Digital Single Market
Digital Economy & Society

Smart Anything Everywhere

The Smart Anything Anywhere (SAE) is an initiative of the European Commission that will build an ecosystems based on collaboration between researchers, large industries and SMEs with the aim to transfer knowledge and resources available to a much wider group of companies.

Smart phones, smart watches or smart TVs are just a few of the new products that are entering our daily lives. The functionalities of more and more objects are augmented by digital components hidden inside. For instance, smart offices can turn off the lights when nobody is in the office, or a car can brake automatically when an obstacle is noticed.

As an answer to these new changes, the European Commission proposes the creation of a 'Smart Anything Everywhere' Initiative (SAE). The SAE will build an ecosystems based on collaboration between researchers, large industries and SMEs across the complete value chain in a large number of small experiments facilitated by Europe's leading competence centres.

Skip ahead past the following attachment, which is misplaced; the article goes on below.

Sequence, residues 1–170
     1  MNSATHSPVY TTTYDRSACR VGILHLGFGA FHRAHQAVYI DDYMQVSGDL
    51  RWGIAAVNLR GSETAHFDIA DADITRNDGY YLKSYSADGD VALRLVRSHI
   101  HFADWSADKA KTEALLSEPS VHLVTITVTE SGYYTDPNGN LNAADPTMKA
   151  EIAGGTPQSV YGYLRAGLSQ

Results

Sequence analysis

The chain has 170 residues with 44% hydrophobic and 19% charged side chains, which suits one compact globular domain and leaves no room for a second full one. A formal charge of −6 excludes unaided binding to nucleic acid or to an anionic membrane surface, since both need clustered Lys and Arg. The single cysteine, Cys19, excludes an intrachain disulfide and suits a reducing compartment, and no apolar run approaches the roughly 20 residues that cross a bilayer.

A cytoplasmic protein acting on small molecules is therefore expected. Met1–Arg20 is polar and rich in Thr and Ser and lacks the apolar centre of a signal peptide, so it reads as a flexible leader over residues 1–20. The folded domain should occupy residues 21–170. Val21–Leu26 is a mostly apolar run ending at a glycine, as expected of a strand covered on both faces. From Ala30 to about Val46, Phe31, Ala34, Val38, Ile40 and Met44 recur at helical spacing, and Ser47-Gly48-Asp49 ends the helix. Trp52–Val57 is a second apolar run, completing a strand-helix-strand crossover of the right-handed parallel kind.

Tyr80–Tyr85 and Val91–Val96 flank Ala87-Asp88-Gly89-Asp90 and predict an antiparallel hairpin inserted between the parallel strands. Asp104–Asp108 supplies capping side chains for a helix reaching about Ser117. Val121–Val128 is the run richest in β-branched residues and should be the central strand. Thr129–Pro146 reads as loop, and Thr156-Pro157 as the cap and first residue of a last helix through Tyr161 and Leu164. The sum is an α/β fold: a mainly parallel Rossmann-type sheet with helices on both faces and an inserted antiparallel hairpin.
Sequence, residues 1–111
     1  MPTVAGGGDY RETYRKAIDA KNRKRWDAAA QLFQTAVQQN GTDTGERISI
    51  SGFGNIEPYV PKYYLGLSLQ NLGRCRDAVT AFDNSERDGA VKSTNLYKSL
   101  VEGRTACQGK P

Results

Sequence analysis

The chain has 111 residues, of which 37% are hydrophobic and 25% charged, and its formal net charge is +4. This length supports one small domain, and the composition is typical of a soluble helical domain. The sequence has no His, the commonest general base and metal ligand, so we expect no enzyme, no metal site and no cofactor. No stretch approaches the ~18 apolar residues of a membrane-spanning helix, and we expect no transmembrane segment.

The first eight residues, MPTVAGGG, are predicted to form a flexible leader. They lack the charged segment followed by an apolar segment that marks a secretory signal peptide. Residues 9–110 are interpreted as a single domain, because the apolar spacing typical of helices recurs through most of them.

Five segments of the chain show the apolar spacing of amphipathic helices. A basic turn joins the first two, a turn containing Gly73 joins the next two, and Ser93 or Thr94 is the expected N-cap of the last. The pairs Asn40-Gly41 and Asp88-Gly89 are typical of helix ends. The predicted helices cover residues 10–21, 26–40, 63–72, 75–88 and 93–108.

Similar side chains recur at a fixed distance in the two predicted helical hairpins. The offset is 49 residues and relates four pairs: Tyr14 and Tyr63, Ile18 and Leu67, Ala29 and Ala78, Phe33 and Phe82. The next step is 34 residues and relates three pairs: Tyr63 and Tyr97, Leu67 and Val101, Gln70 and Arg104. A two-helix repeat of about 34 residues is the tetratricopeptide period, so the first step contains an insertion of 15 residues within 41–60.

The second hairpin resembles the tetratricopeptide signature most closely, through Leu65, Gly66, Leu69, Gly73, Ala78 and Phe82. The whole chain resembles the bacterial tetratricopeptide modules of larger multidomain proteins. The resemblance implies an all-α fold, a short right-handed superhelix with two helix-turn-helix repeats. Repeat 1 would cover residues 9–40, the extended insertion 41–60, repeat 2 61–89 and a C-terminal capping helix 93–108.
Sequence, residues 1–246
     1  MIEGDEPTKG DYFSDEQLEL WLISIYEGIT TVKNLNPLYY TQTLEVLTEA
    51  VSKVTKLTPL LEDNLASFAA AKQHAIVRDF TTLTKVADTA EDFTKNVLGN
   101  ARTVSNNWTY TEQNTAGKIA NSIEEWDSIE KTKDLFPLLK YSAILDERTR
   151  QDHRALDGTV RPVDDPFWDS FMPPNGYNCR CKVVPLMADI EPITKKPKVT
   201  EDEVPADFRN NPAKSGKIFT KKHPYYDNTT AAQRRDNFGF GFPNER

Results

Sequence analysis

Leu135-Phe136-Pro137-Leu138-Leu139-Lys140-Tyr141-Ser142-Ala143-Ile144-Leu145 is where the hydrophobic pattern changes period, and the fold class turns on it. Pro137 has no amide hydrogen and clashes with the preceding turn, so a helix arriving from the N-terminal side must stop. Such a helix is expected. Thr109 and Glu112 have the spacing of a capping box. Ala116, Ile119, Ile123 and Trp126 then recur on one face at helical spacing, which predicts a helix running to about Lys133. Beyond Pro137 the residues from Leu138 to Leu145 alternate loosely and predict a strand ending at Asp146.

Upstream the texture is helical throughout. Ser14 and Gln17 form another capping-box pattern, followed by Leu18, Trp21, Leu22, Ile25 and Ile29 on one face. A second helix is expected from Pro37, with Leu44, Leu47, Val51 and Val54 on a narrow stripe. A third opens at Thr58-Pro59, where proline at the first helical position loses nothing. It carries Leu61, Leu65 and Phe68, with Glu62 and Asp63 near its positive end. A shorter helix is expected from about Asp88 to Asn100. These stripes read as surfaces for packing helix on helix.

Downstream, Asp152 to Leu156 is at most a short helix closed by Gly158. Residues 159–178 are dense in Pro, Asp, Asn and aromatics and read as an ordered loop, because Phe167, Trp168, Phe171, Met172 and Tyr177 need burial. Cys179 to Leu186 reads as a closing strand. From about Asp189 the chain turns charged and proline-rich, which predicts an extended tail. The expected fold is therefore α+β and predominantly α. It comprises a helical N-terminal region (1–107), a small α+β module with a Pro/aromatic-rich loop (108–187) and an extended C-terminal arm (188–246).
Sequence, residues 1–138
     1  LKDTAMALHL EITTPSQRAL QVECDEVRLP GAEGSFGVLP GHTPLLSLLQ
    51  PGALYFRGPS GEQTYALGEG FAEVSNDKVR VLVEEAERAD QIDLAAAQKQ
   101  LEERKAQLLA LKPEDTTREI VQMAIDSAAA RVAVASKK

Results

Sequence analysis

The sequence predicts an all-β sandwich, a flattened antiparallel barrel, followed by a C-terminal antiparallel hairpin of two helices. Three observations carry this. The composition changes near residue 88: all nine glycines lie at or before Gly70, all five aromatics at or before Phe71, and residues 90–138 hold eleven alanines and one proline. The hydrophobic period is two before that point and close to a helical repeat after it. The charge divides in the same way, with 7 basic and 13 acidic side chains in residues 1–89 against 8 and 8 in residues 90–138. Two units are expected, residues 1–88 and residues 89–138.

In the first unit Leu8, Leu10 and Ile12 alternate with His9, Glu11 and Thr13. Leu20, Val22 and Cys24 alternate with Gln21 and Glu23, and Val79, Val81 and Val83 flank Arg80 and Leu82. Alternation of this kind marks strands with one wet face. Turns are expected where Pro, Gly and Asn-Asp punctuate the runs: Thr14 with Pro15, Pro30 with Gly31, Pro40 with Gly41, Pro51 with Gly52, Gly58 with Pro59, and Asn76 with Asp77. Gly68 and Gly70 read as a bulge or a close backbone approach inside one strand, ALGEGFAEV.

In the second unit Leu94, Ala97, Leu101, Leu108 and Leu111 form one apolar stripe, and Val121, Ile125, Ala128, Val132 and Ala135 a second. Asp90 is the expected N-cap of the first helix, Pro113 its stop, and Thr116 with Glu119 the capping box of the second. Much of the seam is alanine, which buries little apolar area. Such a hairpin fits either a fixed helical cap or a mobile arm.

The network of competence centres, usually research technology organisations (RTOs) or technology transfer-oriented university institutes who cluster a wide spectrum of technical and application knowledge to support innovation are the core of the initiative.

The aim is to transfer knowledge and resources available to a much wider group of companies. SMEs who are very often having great ideas but are lacking the resources, and middle size companies can experiment with new technologies, try them out in their processes and work together with the suppliers of the technology to adapt it to their specific needs. This scheme is an important means for innovating their products and services and become more competitive in the global market.

A first group of four projects (funded through Horizon 2020 Innovation Actions) will make available EUR 25 mln  to support around 100 experiments with the aim of involving more than 200 SMEs and midcaps in the field of Cyber-Physical Systems (CPS), Internet of Things (IoT) and Smart Systems Integration (SSI). The information and the open calls will be published on a central/common web portal for all the projects taking part in the initiative: EUROCPS, SMARTER-SI, CPSELABS and GATEONE.

The official launch of the initiative took place on 26 and 27 March 2015 in Grenoble.

Digital Innovation Initiatives based on European Networks of Competence Centres

The European Union invests in innovation initiatives helping SMEs and mid-caps across the economy in digital value creation. "ICT Innovation for Manufacturing SMEs" (I4MS) has started working with a first network of competence centres since July 2013.

The picture below illustrates the position of SAE and I4MS initiatives in the technology adoption lifecycle.